Defect passivation and activation of thin film CdSeTe/CdTe solar cells
Multiple sustainable energy sources are of paramount importance in today's ever power hungry-world. Solar photovoltaics have provided cleaner, sustainable energy for nearly 70 years. While the market was previously purely silicon solar devices, the low cost thin film processing of cadmium telluride devices has allowed it to become the cheapest power per watt material for solar modules.
The processing of the CdTe absorber has several important factors; firstly a CdCl2 treatment to remove stacking faults, passivate grain boundaries and give CdTe it's photovoltaic ability, secondly, the addition of Se at the front interface, further passivating grain boundaries, increasing the lifetimes and grading the bandgap in the device, and also the production of large grain CdTe and the incorporation of other dopants such as arsenic.
The work presented in this thesis focuses on the effect of replacing Cl with Br in CdTe processing and separately, the pulsed DC sputtering (PDCMS) deposition method of CdSe as a Se source for CdTe devices.
CdCl2 treatment of CdTe is a staple for almost all CdTe based photovoltaic devices. Studies of CdBr2 treatment of CdTe have been performed to observe similarities and differences in the effects of the halogens. An initial study was performed with varied pressure, temperature and treatment times to observe if CdBr2 would have an effect on CdTe doped with Cl. This was successful and led to an efficiency after CdBr2 that was higher than an anneal without a halide salt.
After this initial experiment, optimisation was attempted to find a temperature and time of CdBr2 that would lead to the best results. Finally, a higher quality back contact method including Cu was applied to attempt to increase the efficiency further.
CdBr2 treatment of CdTe leads to similar effects as seen with CdCl2, bromine decorating the grain boundaries is seen in high resolution compositional maps, stacking faults are removed and there is an increase in photoactivity. However, a major point is that bromine activation requires chlorine to be present in the bulk for it to work. This indicates two separate effects of the halides, one in the bulk with Cl creating p-type CdTe with A-centres, and one passivating the grain boundaries.
Further investigations on the effects of CdCl2 treatment of CdSe polycrystalline films would be beneficial in the production of a CdSe absorber and full device. CdBr2 of CdTe was not viable alone, however it raises the possibility of combining halogens in a device to get benefits from both halogens.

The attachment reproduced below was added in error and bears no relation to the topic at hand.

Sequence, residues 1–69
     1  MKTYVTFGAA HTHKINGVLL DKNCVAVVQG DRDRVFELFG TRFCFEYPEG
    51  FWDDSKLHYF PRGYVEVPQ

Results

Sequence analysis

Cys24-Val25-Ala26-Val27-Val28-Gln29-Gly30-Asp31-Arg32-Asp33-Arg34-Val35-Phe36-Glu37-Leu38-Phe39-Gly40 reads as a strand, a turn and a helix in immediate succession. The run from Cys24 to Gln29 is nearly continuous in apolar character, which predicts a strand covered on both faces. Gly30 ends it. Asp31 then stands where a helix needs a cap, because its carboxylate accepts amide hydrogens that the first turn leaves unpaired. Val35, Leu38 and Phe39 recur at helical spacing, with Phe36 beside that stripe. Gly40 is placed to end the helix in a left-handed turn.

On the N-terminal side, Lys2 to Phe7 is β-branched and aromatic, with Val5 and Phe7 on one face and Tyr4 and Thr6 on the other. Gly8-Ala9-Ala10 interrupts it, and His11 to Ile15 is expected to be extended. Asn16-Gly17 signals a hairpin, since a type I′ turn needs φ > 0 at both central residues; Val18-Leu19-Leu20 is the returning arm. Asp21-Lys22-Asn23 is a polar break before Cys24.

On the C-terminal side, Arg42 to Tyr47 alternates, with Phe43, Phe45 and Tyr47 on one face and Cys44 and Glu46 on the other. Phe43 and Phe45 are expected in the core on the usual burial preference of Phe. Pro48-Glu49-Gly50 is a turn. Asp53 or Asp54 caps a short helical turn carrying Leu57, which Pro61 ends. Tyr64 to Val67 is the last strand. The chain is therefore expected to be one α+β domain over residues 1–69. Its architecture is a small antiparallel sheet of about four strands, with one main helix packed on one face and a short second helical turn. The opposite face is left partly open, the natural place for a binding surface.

Sputter deposition of CdSe was optimised for high quality as deposited films, characterised by transmission electron microscopy and X-ray diffraction to observe the microstructural effects of the sputter conditions. After annealing these films, bubbles and blisters appeared. The sputter conditions were then optimised for reducing the subsequent voids and blistering after annealing. The bubbles and blisters were caused by sputter gas incorporation into the film, this is complemented by a theoretical molecular modelling study of the behaviour of Ar gas in CdSe films. After preventing the blisters and reducing the gas bubbles that would appear after anneal, the CdSe films were CdCl2 treated to promote greater structural rearrangement and to observe any phase changes. Cl was found to decorate the grain boundaries of the CdSe and promoting a reasonable photoactivity when compared to untreated CdSe. The CdCl2 treatment also led to further Ar gas agglomerating into bubbles and blistering, while promoting grain growth and stacking fault removal. Evaporated CdSe was also analysed and this had none of the blister problems associated with sputter deposition, larger grains were formed after CdCl2 treatment, and the photoactivity and lifetimes were much higher than those found in sputtered treated CdSe.
EPSRC Centre for Doctoral Training in New and Sustainable PV
Engineering and Physical Sciences Research CouncilFind out more...
- Mechanical, Electrical and Manufacturing Engineering
Rights holder© Rachael Greenhalgh
NotesA Doctoral Thesis. Submitted in partial fulfilment of the requirements for the award of the degree of Doctor of Philosophy of Loughborough University.
Supervisor(s)Mike Walls ; Jake Bowers
This submission includes a signed certificate in addition to the thesis file(s)
- I have submitted a signed certificate